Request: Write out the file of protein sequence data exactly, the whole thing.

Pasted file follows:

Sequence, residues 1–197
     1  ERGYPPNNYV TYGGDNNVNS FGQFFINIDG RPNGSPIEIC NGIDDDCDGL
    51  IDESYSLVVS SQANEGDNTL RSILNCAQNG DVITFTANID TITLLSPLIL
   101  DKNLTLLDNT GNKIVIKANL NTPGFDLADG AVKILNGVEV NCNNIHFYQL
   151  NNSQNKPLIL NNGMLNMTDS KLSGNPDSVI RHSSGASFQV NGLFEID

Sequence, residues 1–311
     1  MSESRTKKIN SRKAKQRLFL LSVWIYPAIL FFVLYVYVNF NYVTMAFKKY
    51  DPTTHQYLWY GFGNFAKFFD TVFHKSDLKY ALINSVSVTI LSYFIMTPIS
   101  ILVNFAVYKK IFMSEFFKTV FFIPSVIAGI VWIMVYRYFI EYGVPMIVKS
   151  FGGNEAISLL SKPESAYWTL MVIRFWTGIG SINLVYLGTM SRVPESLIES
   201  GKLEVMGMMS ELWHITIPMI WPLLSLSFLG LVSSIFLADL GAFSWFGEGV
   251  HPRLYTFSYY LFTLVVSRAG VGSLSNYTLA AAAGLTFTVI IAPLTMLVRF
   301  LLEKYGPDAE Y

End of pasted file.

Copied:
Sequence, residues 1–197
     1  ERGYPPNNYV TYGGDNNVNS FGQFFINIDG RPNGSPIEIC NGIDDDCDGL
    51  IDESYSLVVS SQANEGDNTL RSILNCAQNG DVITFTANID TITLLSPLIL
   101  DKNLTLLDNT GNKIVIKANL NTPGFDLADG AVKILNGVEV NCNNIHFYQL
   151  NNSQNKPLIL NNGMLNMTDS KLSGNPDSVI RHSSGASFQV NGLFEID

Sequence, residues 1–311
     1  MSESRTKKIN SRKAKQRLFL LSVWIYPAIL FFVLYVYVNF NYVTMAFKKY
    51  DPTTHQYLWY GFGNFAKFFD TVFHKSDLKY ALINSVSVTI LSYFIMTPIS
   101  ILVNFAVYKK IFMSEFFKTV FFIPSVIAGI VWIMVYRYFI EYGVPMIVKS
   151  FGGNEAISLL SKPESAYWTL MVIRFWTGIG SINLVYLGTM SRVPESLIES
   201  GKLEVMGMMS ELWHITIPMI WPLLSLSFLG LVSSIFLADL GAFSWFGEGV
   251  HPRLYTFSYY LFTLVVSRAG VGSLSNYTLA AAAGLTFTVI IAPLTMLVRF
   301  LLEKYGPDAE Y